Yamilet works her way into a high-waisted white silk underrobe affixed with tessellated patterns of ruby and obsidian tiles.
"The tour continues back the way we came. Follow me, please. If you found your way up onto a hook, find your way down."
Yamilet positions herself to the left of a glass case, indicating the manacles within with a sweep of her hand.
"Much is made of how many of Mularos' servants are of their faith of their own volition, and how many serve unwillingly. Though it is true that slavish cults exist, that is not the focus of this particular temple. This set of manacles belonged to a Mularosian martyr, who sacrificed herself protesting the purity of her faith. Let me read to you, as you consider these relics."
"Give me the hook and the lash and the bruise
It's not easy to explain, still though
This is the life I choose"
"Bound into a life of servitude, there is no command I will refuse
So please, even if I scream, no matter how hard the wound or pain or blow
Give me the hook and the lash and the bruise"
"Hang me upside down, of the worst sins accuse
Me and beat me bloodily head to toe
This is the life I choose"
"I assure you, this is no ruse
This is no cry for help nor is it an attempt to gain my freedom, I surrendered long ago
Give me the hook and the lash and the bruise"
"Fettered here by silk, bound into remembrance, I bestow
Upon you this simple truth, I reject your life, the pretty world I refuse
This is the life I choose"
"How else will my devotion show
If I do not give my body as my dues
Give me the hook and the lash and the bruise
This is the life I choose"
"Mind the walls as we continue. This section is bedecked in thorns, and you might prick yourself if you're not careful. Our tour continues here, at the pit and rack. Your silence, please, for a little longer. When new initiates are brought into this particular temple's care, this room is central to their experience. The fire is kept constantly burning, and the irons kept constantly hot."
"I would like to share with you the recollections of one particular novice. A sestina, it captures her emotions during her first night in the temple, and her feelings on that night later, after many years of service."
"Gathered to what end, we knew not
We hid our doubts with clenched, clammy hands and with nervous, expectant silence
Each of us stripped of our name
Clad only in our fear
"Let them come," I thought, "Let it begin -- I fear no Priest"
Oh, the folly of youth, oh hindsight, how cruel"
"It wasn't for nothing that the cruel
Priesthood delayed us, they were more cunning than not
Every last Priest
Had in his own day made the stand of silence
Every last Priest had stood in the grip of our fear
Every one had waited out the night without a name"
"For my part, I had no great love for my name
The taunts of a childhood cruel
And merciless had long driven any fear
From me of being nameless or homeless, not
For cries had I taken on this task, but for silence
For silence, I would make a Priest"
"Left for a full night, most of our shuddering huddle never lived to see the Priest
Many fell without ever the name
Of our Lord escaping their lips in ecstasy, many cracked in the silence
And children though we were, we were cruel
And we did not cry, we did not
Break the sacred quiet to quell the weaklings' fear"
"When the light of dawn broke, our fear
Receded into the visage of the Priest
Striding in with his watchful brothers he did not
Tell us his name
But only lashed us, over and over with his cruel
Whip, each blow against us delivered in utter silence"
"Years later, those few of us remaining have never spoken of the silence
We've never spoken of the fear
That gripped us that long night, cruel
And inhumane as we are, many of us have gone on to be that Priest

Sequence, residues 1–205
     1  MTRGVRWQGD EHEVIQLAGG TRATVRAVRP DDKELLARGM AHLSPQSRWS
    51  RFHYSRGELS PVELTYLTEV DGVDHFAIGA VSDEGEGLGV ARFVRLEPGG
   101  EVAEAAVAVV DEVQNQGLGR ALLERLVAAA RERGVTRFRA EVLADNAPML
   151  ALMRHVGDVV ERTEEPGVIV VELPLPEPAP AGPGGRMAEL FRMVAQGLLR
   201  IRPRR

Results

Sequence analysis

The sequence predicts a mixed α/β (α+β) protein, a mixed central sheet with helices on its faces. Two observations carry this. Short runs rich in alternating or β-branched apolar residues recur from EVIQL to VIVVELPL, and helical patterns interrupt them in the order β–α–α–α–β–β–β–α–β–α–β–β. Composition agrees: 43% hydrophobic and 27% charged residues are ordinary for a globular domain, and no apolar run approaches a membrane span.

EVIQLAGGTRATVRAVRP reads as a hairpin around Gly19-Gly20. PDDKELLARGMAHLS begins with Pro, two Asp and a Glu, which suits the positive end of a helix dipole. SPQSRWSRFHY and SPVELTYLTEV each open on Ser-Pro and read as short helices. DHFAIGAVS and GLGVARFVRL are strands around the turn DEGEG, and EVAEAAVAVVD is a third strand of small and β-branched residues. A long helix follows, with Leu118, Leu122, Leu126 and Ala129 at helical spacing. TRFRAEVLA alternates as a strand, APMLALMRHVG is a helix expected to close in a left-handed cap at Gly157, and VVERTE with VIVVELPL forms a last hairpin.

Of the long night, to take the name
Mularosian and wrap it around us like a blanket of cutting barbs, painful, but not"
"Tonight I have broken the silence of the night I became a Priest
Fear nothing, for I serve in His name
Think me heartless, think me cruel, it bothers me not"
"I hope that this evening has been illuminating for you. I have enjoyed sharing this place with you, and on behalf of the temple attendants, thank you for coming, and thank you for your attention and respectful behavior. Should you need to leave us now, please make your way out the door and head down the hallway to return to the portal that admitted you. I believe that my Lord would enjoy the expressions of many tonight, but that is only my belief. If he does not...."
Speaking softly to Yamilet, Linthral asks, "Would it be correct to say that pressing such Mularosian beliefs on another, or even assisting them with their own suffering would be an act of assumption at best, and cruelty at worst?"
Speaking to Linthral, Yamilet says, "I would say that while our Lord enjoys masochism, he is not averse to sadism as well."
Speaking to Yamilet, Jolena asks, "During my studies, I have read that Mularos not only relishes the physical pain but also mental anguish, but I see nothing here in regards to that. Is this a part of his sect?"
Speaking to Jolena, Yamilet says, "Mental anguish is definitely a part of the faith. It, however, is hard to convey in imagery."
Speaking to Jolena, Yamilet says, "It could be argued that apart from the physical pain of initiation, our own ordeals were mental in nature as well."
Speaking to Yamilet, Jolena says, "Indeed. One might think that we all serve Mularos in some form then when we are in anguish for whatever reason."
Speaking to Jolena, Yamilet says, "Indeed. That is possible. Most other faiths don't like to hear how often they play into the Lord of Sorrow's hands, however."
Reallia sarcastically says, "Far be it for more to ask of an Arkati, but...what does Mularos gain from the destrcution of his disciples?"
Speaking to Reallia, Yamilet says, "It's not my place to say. He desires it of us, but I'm not so bold as to stand in his House and declare I know his mind."
Speaking to Yamilet, Anta asks, "Having gone through the physical and mental torment of the initations, how does it make you feel when you see others so quick to imitate your devotions seemingly without putting any thought into it?"
Speaking to Anta, Yamilet says, "The mere act of suspending oneself does not equate to our initiations."
Speaking to Anta, Yamilet says, "But I do appreciate the effort."